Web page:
Was Britain really committed to independence for its Middle East Mandates, or was the Mandate System just another form of empire building?

Author Details

Photograph of Eamonn Gearon, DPhil candidate at the University of Oxford

Eamonn Gearon

DPhil candidate

 

Eamonn teaches and writes about the Middle East, and his current research interest is British intelligence operations in the region during and after WWI.

 

Key words: Migration; Empire; Business; Identity; Liberty; Survival; Religion; Government; Communications; Economy; Ideas; Role of individuals in encouraging / inhibiting change

Following the First World War (1914-1918) the League of Nations was created, in January 1920, as a result of the Paris Peace Conference. An international organisation whose primary goal was to maintain world peace, the League’s ambition was weakened by the fact that the United States never joined the organisation, and that Germany, for its role in WWI, was not allowed to become a member. 

One of the League’s most far-reaching, and controversial, decisions was to create the Mandate System. Under the Mandate System, the legal control over certain territories was transferred from a defeated power to a victorious one. In the case of the Middle East, the defeated power was the Ottoman Empire, which ceased to exist as a result of the war: the victorious powers that were granted Mandate status over former Ottoman lands were Britain and France.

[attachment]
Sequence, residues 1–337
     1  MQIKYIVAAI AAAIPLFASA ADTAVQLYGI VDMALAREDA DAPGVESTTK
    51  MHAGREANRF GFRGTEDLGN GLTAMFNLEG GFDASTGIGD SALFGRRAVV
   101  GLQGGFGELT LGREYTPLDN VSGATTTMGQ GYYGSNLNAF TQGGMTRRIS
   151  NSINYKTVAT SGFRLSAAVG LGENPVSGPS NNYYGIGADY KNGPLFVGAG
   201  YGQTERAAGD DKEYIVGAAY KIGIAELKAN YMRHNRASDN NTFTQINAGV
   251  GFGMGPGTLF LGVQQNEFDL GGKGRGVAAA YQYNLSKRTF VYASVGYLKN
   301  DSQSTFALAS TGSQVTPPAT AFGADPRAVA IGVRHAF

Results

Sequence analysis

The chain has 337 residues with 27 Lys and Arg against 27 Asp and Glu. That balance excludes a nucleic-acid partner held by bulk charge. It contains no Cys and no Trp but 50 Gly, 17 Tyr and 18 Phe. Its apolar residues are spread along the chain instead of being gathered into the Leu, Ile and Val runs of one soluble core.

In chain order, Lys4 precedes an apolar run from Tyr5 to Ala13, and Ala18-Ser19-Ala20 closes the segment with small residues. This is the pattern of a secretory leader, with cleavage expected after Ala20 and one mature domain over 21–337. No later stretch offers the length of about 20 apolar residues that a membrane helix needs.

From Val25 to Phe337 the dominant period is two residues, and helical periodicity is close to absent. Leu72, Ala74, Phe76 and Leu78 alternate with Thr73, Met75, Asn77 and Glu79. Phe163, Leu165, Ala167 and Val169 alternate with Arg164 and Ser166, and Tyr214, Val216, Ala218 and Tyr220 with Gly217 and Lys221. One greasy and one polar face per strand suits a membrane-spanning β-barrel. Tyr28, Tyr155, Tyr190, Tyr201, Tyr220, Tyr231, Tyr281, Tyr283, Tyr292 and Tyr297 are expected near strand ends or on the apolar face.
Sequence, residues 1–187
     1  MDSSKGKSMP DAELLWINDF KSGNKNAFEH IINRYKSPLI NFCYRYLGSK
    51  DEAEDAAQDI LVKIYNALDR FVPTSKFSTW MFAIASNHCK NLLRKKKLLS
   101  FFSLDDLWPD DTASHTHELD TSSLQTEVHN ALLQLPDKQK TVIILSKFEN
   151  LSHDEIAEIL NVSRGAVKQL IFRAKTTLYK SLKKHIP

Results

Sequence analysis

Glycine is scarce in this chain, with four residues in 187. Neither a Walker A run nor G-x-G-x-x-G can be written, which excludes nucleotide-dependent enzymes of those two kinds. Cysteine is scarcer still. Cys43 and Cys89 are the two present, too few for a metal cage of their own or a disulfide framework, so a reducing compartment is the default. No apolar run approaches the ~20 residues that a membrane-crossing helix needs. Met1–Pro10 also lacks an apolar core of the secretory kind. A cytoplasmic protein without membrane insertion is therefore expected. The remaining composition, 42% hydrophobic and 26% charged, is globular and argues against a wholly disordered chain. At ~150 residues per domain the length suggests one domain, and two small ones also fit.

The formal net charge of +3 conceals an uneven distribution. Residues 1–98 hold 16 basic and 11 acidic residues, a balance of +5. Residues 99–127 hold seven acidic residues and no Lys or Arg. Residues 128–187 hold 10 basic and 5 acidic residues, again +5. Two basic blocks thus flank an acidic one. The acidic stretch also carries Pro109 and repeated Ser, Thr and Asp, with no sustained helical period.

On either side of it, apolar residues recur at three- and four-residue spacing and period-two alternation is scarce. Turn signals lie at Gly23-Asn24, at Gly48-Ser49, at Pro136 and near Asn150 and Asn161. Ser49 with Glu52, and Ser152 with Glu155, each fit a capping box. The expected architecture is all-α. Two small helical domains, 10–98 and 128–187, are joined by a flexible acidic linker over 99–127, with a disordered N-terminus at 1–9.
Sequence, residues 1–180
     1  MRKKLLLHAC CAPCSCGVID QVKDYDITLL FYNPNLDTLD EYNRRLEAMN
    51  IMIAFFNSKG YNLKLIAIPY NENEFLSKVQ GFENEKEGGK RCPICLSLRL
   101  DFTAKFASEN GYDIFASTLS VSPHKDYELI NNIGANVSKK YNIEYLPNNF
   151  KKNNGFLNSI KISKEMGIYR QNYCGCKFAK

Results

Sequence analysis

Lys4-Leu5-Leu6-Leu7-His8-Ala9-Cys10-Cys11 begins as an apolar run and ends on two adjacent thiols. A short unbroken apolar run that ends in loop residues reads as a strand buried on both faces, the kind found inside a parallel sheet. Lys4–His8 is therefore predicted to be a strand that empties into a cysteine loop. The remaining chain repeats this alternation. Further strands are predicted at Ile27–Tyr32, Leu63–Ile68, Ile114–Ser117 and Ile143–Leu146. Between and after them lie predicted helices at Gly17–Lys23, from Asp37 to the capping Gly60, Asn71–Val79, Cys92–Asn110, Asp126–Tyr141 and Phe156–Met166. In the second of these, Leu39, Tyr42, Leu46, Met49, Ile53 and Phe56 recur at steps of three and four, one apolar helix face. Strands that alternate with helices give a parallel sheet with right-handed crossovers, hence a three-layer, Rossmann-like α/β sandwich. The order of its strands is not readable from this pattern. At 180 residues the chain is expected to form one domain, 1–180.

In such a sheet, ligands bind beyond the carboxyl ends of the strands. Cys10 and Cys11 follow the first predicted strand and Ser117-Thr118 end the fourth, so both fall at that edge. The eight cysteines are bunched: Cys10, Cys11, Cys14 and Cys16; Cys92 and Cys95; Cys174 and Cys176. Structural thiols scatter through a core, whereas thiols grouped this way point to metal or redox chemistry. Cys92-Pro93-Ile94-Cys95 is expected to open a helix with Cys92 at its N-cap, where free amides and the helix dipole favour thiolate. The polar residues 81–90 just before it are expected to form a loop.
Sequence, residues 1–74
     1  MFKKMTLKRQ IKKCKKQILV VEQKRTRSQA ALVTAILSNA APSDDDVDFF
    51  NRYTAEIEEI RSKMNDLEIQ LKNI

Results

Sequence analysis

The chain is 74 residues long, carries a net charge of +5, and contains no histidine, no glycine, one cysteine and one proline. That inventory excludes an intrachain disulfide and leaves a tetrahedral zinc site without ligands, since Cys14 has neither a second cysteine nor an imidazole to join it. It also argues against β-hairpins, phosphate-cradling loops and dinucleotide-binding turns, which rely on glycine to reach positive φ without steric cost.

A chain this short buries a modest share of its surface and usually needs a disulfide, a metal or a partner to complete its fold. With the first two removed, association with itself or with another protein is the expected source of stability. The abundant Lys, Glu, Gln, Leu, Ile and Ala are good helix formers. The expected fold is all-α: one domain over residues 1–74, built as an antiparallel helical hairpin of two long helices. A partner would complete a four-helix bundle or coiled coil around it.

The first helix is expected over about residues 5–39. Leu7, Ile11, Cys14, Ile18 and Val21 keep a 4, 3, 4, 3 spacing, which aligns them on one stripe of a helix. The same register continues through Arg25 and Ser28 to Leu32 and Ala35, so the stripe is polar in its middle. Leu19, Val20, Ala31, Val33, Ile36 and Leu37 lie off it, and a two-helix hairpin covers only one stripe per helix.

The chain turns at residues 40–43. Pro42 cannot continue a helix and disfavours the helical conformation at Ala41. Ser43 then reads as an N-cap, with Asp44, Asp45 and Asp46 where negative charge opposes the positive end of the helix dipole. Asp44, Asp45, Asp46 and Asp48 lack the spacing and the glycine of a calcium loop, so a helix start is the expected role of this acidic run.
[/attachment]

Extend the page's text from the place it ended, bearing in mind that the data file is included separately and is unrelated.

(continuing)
Two of the most important clauses of the Mandate System were that i) the mandatory powers (i.e. Britain and France) did not have the right to annex, or make these territories their own, and ii) mandate powers had a “sacred trust of civilisation” to develop the territory for the benefit of its native people. This meant that the mandated territories could not, or should not, simply become part of the British or French empires, and that those territories must also be granted independence. The League of Nations granted Britain mandates in Iraq and Palestine (in modern-day Israel and Jordan), and for the French in Syria and Lebanon.

Having granted Britain a mandate for Iraq, the British government turned to Gertrude Bell to help create an identity for this new country. Gertrude Bell (1868-1926) was a remarkable woman in many different fields of endeavour. The first woman to gain a First Class degree in History from the University of Oxford, she was also a world-class mountaineer, adventurous traveller, best-selling author, archaeologist and photographer. Throughout WWI, she also worked as a British intelligence officer, the only woman in such a role in the Middle East. One of her colleagues at the Cairo-based Arab Bureau was TE Lawrence, better known as Lawrence of Arabia. Having travelled widely throughout Arabia and Mesopotamia (modern day Iraq) before the war, and knowing many of the local rulers and ordinary tribesmen and women, the British authorities saw Bell was the perfect choice for the difficult task of forging a new nation in Iraq.

The flag of the Kingdom of Iraq has three horizontal rows which are coloured black, white, and green from top to bottom, with a red trapezium cutting into them on the left-hand side of the flag. The trapezium has two seven-pointed white stars on it.